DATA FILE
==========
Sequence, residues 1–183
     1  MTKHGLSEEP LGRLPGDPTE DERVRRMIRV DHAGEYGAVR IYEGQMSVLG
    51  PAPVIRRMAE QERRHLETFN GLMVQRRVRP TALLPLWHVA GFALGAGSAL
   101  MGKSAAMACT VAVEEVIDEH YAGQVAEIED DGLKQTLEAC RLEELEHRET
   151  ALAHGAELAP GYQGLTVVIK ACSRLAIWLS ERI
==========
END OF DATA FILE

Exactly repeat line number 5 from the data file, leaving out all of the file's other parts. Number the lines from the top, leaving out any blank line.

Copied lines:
   151  ALAHGAELAP GYQGLTVVIK ACSRLAIWLS ERI